Employers should be careful not to make assumptions based on characteristics protected under state and federal law.  For example, employers may not take virus-related actions (such as prohibiting employees from coming to work or asking questions about employee travel and contact), based on an employee’s race, ethnicity or national origin.  All preventative measures and policies should be enforced uniformly and consistently by employers.

What should employers do if employees are reluctant to come to work?

Given the media attention COVID-19 has received, many employees may fear for their health and preemptively seek to avoid the workplace despite the low number of outbreaks recorded in the U.S.  In order to combat misplaced employee fears, employers should consider proactive measures.  Among other things, employers can regularly update employees on the relative risk of outbreak in the employer’s area, provide hand-sanitizers and other cleaning materials to encourage positive hygienic behavior, and encourage sick employees to stay home and seek medical care.  Additionally, providing employees with information on what symptoms to look for, links to the World Health Organization (“WHO”), and CDC updates will likely inspire confidence that the employer is actively monitoring the situation.

Further, OSHA protects an employee’s right to a safe environment.  For example, it protects employees from working conditions that could pose an imminent danger to employees.  Should an employee refuse to come to work due to COVID-19 outbreaks, OSHA regulations may be implicated and could protect an employee should their concerns of exposure be reasonable.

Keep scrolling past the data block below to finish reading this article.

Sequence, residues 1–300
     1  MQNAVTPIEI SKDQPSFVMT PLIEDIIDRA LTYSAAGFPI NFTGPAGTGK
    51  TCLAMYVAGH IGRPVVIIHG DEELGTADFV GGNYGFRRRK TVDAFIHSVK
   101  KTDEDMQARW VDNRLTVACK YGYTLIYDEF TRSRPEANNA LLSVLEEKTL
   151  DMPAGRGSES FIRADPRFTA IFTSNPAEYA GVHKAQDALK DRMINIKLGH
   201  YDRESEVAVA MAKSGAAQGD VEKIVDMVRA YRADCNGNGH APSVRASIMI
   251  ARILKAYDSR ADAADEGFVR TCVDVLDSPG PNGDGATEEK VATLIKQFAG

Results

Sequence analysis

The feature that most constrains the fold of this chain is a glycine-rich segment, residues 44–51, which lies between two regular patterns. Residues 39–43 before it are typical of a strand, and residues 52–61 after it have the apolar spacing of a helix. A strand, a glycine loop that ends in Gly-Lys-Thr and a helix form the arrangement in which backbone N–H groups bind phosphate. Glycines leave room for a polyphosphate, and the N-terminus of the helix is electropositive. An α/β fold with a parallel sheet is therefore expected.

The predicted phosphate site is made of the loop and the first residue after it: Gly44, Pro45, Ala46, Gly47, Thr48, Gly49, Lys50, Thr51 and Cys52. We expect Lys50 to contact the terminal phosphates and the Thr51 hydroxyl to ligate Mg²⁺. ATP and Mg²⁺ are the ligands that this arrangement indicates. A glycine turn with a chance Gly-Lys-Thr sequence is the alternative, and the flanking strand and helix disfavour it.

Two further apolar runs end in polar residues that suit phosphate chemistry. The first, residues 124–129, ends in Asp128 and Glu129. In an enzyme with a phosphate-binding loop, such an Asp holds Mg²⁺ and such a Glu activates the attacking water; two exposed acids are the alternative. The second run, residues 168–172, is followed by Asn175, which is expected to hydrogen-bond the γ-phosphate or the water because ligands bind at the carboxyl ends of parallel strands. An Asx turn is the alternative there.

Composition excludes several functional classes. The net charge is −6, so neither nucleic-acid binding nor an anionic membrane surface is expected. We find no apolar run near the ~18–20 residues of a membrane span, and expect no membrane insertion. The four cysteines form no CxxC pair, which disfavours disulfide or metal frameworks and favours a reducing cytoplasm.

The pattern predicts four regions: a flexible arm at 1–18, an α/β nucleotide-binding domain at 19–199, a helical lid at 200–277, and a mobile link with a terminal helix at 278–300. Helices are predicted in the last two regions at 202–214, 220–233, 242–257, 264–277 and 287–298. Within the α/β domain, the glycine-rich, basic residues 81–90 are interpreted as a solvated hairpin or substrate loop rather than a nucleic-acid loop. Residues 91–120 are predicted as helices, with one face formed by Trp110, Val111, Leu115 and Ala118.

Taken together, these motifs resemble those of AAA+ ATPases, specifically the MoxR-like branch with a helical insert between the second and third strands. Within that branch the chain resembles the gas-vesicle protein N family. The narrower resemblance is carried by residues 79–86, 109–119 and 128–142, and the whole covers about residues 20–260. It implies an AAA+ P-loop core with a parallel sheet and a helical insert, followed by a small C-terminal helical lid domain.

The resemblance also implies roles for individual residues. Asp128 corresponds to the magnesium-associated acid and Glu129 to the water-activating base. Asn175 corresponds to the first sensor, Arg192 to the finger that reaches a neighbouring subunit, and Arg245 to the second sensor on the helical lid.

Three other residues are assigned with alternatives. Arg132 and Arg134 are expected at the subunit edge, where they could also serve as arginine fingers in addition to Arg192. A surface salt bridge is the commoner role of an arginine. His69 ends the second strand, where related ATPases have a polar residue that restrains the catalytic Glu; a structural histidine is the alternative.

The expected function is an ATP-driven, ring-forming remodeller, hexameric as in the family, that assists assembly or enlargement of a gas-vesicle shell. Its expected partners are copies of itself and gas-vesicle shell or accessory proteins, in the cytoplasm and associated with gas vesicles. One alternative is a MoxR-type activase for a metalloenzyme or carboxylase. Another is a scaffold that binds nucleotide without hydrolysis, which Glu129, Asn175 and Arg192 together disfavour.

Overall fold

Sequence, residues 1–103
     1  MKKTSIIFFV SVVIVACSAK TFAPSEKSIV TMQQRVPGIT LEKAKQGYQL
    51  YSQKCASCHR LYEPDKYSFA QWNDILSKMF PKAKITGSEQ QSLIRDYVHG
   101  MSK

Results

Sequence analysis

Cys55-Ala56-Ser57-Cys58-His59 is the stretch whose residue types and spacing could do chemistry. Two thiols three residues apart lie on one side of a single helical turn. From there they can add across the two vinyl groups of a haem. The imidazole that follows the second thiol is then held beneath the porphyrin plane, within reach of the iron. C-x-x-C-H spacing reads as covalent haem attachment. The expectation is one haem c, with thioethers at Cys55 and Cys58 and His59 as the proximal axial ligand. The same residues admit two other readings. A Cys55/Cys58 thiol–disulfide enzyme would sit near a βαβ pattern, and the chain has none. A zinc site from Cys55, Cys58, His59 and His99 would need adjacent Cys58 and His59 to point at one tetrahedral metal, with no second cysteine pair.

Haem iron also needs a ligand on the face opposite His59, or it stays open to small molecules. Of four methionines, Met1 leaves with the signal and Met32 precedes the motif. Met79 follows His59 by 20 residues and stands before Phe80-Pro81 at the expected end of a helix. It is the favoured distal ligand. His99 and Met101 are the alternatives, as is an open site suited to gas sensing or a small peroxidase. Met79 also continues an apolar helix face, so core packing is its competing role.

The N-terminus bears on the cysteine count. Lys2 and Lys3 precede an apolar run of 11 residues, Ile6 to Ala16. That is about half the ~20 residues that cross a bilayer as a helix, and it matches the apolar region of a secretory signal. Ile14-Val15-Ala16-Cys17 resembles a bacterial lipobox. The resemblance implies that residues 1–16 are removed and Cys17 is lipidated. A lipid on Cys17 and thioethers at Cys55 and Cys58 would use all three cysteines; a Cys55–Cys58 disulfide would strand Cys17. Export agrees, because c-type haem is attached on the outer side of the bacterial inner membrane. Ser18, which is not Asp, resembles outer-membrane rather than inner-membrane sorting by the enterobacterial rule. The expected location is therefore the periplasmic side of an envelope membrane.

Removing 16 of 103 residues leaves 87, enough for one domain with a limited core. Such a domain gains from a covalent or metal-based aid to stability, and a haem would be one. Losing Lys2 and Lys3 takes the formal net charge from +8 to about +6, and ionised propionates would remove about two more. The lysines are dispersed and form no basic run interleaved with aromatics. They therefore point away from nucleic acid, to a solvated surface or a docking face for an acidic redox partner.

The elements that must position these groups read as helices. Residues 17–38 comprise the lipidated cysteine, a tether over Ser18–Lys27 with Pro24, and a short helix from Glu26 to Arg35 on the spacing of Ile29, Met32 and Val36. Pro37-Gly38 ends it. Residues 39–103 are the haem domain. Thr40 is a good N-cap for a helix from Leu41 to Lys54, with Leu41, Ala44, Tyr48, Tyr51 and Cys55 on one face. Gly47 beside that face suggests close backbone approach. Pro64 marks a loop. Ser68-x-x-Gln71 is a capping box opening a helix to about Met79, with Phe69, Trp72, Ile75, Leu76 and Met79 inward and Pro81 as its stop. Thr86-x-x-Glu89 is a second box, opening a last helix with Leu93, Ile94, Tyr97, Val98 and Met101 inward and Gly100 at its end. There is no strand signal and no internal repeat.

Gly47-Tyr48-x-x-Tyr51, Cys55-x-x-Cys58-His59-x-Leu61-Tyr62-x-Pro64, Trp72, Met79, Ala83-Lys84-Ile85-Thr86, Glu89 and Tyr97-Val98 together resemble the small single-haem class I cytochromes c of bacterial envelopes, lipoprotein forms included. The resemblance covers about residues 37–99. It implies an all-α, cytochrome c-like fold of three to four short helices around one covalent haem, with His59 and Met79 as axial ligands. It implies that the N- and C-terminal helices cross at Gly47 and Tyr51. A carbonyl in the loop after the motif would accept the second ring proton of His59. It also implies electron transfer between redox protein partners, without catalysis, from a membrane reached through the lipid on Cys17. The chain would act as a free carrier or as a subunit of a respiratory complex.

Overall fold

Are employees able to use FMLA leave in connection with the coronavirus? 

For an employee to invoke the employee’s 12 weeks of unpaid FMLA leave, the employee must have a “serious health condition” and otherwise satisfy the FMLA eligibility criteria.  Although the symptoms of COVID-19 have been reported as flu-like, COVID-19 may be considered a serious health condition depending on the circumstances.  Accordingly, an employee with COVID-19 or an employee who is taking care of a qualifying family member with COVID-19 may be permitted to take protected FMLA leave.  However, employees who refuse to come to work out of fear of contracting COVID-19 would not qualify for FMLA leave.

What ADA considerations and implications are important in connection with the coronavirus?

While COVID-19 is typically a temporary, nonchronic illness and not a “disability” under the ADA, it is important to note that the ADA also prohibits discrimination against perceived disabilities or association with those with actual or perceived disabilities.  In order to avoid implicating the ADA, it is best to continue to apply leave policies and other workplace polices in a uniform, equitable, and neutral fashion.